Friday, September 04, 2020

Follow the tundra to Roosevelt Lakes

Five miles into the hike up to Rosalie Peak, I knew a 14’er this year was out of the question. Mt. Sniktau inflated my expectations but didn’t portray the long, grueling reality of the trails leading to 14’er peaks. 

It all seemed simpler at the Deer Creek trailhead, where the mountain creek rushed out into the national forest. The creek and trail were tied together for miles, the fast-moving waters descending over waterfall after waterfall. Few dropped more than a foot or two, but the combined sound of dozens of tiny cataracts filled the forest with noise. We passed numerous dispersed campsites up the trail, which accounted for many of the larger groups headed up the trail. 

Karen said in the past, she often shared this trail only with people headed to fish at Roosevelt Lakes. Today we would see much bigger crowds. I had no quibbles with them; you had to earn the views on trails like these, so anyone who hiked to the top had done just that. 

See how they roll

Soon the trees thinned and grew in stumpier groves. The blue sky broke through. We could look behind us (south) through row after row of Rocky Mountain peaks, with Pikes Peak even rising above them all at the southern end of the row. The stops grew more frequent. There was no shame in stopping. The air thinned out, and the heartrate needed a chance to slow down. 

The chipmunks continued their angry chirps. The marmots and pikas started warning the tribes that round after round of hikers would be passing through their domain. The saddle between Rosalie and a second peak looked close from the moment we entered the switchbacks that started near the treeline.

The hill goes ever upward

Close doesn’t count in hiking; close only tantalizes and delivers false promises. Here we entered a new round of difficulty from the thinning air and steeper grades up the trail. Here I know a 14’er would be a 2021 project. The pines suddenly looked stunted. Fields of blooming wildflowers spread down the mountain’s flanks. My poor physical condition could not be hidden up here. There was no way I could get ready for such height before the first snows arrived -at 14,000 feet, the first dustings start in early September. 

At the saddle, the barren flanks of Rosalie Peak rose 1,000 feet through paths of scree and lichen. WHile it seemed barren, we stayed on the trail to avoid damaging the cryptobiotic soils that brought green to this tundra, that took decades to produce plants of any size.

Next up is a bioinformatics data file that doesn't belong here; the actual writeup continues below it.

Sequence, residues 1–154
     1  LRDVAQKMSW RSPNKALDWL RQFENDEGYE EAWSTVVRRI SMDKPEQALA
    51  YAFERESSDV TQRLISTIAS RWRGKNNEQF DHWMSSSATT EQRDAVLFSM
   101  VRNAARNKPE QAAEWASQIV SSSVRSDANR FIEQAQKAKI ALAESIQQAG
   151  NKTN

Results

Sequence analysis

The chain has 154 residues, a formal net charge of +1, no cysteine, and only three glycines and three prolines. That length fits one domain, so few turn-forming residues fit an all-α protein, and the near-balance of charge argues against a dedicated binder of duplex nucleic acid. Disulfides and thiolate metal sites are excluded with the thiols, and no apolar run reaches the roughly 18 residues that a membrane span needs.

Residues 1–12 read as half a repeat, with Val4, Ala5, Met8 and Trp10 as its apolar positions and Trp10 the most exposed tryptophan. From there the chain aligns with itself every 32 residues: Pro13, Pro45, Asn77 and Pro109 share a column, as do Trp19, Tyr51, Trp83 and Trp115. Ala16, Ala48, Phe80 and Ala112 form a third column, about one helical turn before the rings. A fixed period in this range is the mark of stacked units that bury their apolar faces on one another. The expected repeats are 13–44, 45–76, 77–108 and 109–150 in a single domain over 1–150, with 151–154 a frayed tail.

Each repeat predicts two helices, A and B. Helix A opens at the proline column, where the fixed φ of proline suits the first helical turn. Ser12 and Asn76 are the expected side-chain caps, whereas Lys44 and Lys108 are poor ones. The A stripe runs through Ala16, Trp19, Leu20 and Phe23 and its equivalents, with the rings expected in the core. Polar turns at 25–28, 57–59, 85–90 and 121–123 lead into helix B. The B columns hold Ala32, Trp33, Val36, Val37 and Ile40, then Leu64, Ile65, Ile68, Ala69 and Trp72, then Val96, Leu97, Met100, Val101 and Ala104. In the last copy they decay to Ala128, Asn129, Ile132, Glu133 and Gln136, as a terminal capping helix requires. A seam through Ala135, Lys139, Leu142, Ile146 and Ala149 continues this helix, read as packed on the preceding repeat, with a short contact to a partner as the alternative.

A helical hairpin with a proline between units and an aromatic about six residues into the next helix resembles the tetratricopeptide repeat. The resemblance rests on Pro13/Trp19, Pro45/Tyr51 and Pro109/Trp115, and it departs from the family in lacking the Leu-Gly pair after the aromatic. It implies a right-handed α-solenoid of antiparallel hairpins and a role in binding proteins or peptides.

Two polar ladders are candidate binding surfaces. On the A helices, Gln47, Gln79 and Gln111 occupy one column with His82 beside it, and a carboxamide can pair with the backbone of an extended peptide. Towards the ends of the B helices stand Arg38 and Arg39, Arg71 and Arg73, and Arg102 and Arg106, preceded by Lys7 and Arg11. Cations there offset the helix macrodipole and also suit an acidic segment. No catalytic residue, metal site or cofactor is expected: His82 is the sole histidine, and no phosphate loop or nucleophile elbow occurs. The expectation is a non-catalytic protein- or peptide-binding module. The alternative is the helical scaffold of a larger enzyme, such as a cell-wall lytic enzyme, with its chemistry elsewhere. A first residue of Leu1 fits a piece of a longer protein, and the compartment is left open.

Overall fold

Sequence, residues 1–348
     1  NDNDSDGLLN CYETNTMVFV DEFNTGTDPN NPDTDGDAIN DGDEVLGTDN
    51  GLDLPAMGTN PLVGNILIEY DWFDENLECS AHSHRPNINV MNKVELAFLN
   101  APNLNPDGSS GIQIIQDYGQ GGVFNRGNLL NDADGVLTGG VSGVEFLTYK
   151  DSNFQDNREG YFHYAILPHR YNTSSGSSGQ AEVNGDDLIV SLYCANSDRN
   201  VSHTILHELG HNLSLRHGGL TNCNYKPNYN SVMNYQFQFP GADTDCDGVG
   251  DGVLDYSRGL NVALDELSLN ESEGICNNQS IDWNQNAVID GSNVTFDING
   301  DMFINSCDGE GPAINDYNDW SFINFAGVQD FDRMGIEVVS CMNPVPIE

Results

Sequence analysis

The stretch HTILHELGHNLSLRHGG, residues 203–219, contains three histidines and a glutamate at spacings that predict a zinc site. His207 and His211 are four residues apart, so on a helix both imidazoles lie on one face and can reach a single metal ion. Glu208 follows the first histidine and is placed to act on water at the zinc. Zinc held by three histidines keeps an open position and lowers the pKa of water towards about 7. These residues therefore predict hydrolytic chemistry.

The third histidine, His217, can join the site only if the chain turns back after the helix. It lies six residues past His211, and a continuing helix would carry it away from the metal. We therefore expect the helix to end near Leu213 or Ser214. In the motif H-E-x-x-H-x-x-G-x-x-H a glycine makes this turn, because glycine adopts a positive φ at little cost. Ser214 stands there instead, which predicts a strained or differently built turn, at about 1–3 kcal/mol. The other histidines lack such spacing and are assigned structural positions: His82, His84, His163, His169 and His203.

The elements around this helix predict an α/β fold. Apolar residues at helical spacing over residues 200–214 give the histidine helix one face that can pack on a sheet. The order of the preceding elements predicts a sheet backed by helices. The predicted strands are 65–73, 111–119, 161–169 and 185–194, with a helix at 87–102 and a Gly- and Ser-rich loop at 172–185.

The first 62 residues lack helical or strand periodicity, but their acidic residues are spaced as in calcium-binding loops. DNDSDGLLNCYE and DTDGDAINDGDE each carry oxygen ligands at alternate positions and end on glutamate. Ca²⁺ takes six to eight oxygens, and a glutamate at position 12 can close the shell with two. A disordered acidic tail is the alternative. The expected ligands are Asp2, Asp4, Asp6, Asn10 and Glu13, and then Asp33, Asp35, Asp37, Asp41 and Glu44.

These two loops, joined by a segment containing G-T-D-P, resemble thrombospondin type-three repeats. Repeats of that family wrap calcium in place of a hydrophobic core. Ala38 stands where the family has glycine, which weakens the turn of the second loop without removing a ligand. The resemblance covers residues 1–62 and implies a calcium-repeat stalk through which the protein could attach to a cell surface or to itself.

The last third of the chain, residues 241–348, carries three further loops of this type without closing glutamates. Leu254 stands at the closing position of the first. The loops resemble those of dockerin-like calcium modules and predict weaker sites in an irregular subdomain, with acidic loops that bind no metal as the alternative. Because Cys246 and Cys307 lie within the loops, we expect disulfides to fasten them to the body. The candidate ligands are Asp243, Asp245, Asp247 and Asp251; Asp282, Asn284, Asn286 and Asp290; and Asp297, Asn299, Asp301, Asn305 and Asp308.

Here we decided on another feature of the alpine meadow - the Roosevelt Lakes, which lie within the Mount Evans Wilderness even though Evans and Mt. Bierstadt stood shaded in blue due to distance. Straight down from the saddle, we could hit Roosevelt Lakes in less than a mile. To the other side of the saddle rose the Pegmatite Points, a colorful collection of rock that forms Rosalie’s east ridge. 

For a while we seemed to amble through an endless field of boulders and grasses. Then came a dash of deep blue hidden by the boulders. From our angle, we had to be nearly on top of the Roosevelt Lakes to see them.

Unlike other tarns, these lakes were lightly populated, with plenty of rocks for picnicking and places for anglers to cast for the trout quick to dart to the lakes’ darker blue waters. We found some boulders where I could drop my feet into the water, that cool mountain water that soothes any pain. The therapeutic cold would linger almost till we returned to the saddle. 

Karen is always good for trail snacks, so we relaxed at this placid point while the trout ventured ever closer. People hiking with their dogs approached the shore, while most dogs bounded straight into the refreshing lake. 

Deer Creek

But times like these cannot long long. We had a return trip to contemplate. With five miles and almost 3,000 feet down, my feet were in for a fresh pounding. It wasn’t my shoes, just being unaccustomed to the distance and the terrain. For too many stretches, the path was basically crushed, jagged rock. I almost fell a few times as the loose rock gave way. 

Was it 10 miles, 11.5 miles or 12 miles? Different sites measured the combination of trails in different amounts. After the beating my feet took from the rocks and the way the rest of me felt, I lean toward 12 and would accept 11.5. 

A naproxen and a chocolate milk improved my condition, as did bottle after bottle of spring water. Every once in a while, my feet felt a chill, a phantom sensation from the cold of Roosevelt Lakes. 


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